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Ask Erik: RAW! - Power Outages: What to Stick Where the Light Don’t Shine.

Don’t let your plants suffer while you wait for the power to come back on after an outage. Don’t let your plants suffer while you wait for the power to come back on after an outage.


Where I live power outages are a common nuisance for me and my grow. They rarely last a few hours, although occasionally longer. This has been creating several problems for me including the fact that the lighting cycle gets all messed up in flowering, and it’s even caused some hermaphrodites as a result. I am a smaller scale grower and coupled with the fact that I live in an apartment doesn’t make a generator seem like a good solution for me.

Any ideas, especially where it comes to keeping the lighting cycle? Sick of picking out the seeds here :P


Power outages can cause serious problems for indoor growers besides triggering hermaphrodites, which create unwanted seeds, devaluing the crop. For example, hydroponic growers using aeroponic systems or mediums that don’t hold reserves of moisture could suffer the loss of the entire crop, since pumps aren’t operating if nobody is around to water manually. After PWP (permanent wilting point) there is no amount of water or B-Vitamins that is going to help bring them back.

The solution is a battery back-up system or UPS (Uninterruptable Power Supply). You can use the kind they use to keep power going to computers in the event of a power failure. They are widely available, use your existing power supply and run quietly, making them a potential solution for interruptions to your growing power supply.

UPS devices have a limited amount of power output for any length or period, so we are not planning to keep your high wattage HIDs, like a 600W or 1000W HPS, running with it while the power is out.

Instead, we simply want the plants to maintain their proper “schedule.” As long as the lights go on and off at the same time every day, without light interrupting the regular dark cycle, you should be able to prevent the power outages from creating hermaphrodites and seeding your crop.

Next time the grow lights go out because of a power failure, the timer connected to the battery backup will determine if it’s supposed to be dark or not, as it mirrors the grow light timing schedule

All you need is a 60-100W incandescent bulb(s) hanging on a cord above your crop. The trick is making sure it’s not blocking light or creating shadows when the HIDs or other light sources are on, while at the same time making sure that when it is on, your regular lighting system isn’t blocking the light from the incandescent(s). Wall mounting several smaller wattage incandescents can be effective. Just watch-out, the bulbs can get hot.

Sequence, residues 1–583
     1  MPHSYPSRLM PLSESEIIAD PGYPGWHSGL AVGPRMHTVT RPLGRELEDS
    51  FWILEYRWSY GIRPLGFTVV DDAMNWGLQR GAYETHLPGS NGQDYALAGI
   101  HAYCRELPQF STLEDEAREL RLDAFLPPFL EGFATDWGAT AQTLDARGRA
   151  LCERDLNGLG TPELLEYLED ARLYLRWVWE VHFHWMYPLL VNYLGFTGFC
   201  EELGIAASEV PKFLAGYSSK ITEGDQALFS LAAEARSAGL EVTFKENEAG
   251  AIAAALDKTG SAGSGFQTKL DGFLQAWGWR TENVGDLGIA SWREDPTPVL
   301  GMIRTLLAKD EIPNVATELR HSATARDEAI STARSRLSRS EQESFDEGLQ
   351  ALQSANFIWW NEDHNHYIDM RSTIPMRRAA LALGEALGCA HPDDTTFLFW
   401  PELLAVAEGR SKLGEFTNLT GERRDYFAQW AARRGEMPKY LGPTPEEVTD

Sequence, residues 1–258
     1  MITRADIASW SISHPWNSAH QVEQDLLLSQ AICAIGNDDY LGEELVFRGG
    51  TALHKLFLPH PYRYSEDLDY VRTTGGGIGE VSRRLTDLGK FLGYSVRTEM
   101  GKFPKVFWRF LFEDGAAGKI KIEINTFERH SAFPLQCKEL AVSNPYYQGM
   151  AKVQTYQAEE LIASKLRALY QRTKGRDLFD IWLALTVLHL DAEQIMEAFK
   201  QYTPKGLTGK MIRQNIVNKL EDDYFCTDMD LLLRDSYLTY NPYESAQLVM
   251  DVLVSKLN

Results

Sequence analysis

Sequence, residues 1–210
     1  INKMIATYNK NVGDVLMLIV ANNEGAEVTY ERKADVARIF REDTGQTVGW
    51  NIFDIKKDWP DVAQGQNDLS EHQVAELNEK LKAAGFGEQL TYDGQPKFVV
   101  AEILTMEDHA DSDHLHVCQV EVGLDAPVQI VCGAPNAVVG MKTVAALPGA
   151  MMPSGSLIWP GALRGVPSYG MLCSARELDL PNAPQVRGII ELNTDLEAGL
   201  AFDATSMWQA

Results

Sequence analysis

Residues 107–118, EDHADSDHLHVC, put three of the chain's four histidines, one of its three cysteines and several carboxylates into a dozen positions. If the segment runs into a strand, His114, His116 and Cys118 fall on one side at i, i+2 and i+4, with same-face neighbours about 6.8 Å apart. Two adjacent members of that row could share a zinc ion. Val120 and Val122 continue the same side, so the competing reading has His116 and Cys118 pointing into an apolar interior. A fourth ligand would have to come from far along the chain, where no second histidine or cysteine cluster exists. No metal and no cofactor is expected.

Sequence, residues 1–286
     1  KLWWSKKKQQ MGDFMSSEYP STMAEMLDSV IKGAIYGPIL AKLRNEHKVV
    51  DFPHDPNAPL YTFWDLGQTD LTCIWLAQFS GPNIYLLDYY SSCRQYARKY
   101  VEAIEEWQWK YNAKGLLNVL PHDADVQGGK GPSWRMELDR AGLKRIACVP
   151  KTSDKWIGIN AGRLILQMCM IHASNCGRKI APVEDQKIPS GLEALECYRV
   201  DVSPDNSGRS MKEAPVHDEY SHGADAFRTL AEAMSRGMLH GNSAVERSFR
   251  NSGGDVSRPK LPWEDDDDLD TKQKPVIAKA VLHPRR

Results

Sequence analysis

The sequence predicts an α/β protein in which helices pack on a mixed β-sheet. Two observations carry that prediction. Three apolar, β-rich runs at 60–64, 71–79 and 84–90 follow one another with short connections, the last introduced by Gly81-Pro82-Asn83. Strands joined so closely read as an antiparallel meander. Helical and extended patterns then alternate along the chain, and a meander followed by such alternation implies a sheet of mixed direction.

While the incandescent isn’t going to create intense light for growth, the portions of the red spectrum that it irradiates while on will help the plant to “keep time” while the grow lights are out. The light bulbs don’t need to be super close either, a few feet distance is usually good.

Plug the circuit with the incandescent bulbs into a photocell, then plug the photocell into a timer, then plug into the back-up power supply which stays charged on your line voltage while the power is up and running.

Next time the grow lights go out because of a power failure, the timer connected to the battery backup will determine if it’s supposed to be dark or not, as it mirrors the grow light timing schedule. Make sure that your grow lighting timer has a built-in battery back-up, you don’t want your grow clock to “lose time” when the power is interrupted; otherwise confused plants will result because the 24 hour cycle will have changed.

If the lights are supposed to be on, the photocell with tell the incandescent bulbs that it is dark when it shouldn’t be, and they will turn on giving your plants the red spectrum they need to “keep time.”

Once power is returned to the grow lights, and they come back on, the incandescents will shut off automatically. If the dark cycle comes before that happens, they will also shut-off on time, because they are connected to a timer that mirrors the higher intensity lighting cycle timer.

You can also use a similar set-up for pumps and other lower wattage vital equipment in your hydroponics systems using this back-up battery method.

While a battery powered household lamp is not a replacement for healthy and intense grow lighting, it will help your crop stay on track when circumstances beyond your control are out of whack.

Cheers, Erik Biksa

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Don’t let your plants get caught standing in the dark, or wearing cheesy ‘80s outfits either for that matter.
Last modified on Friday, 13 July 2012 16:39

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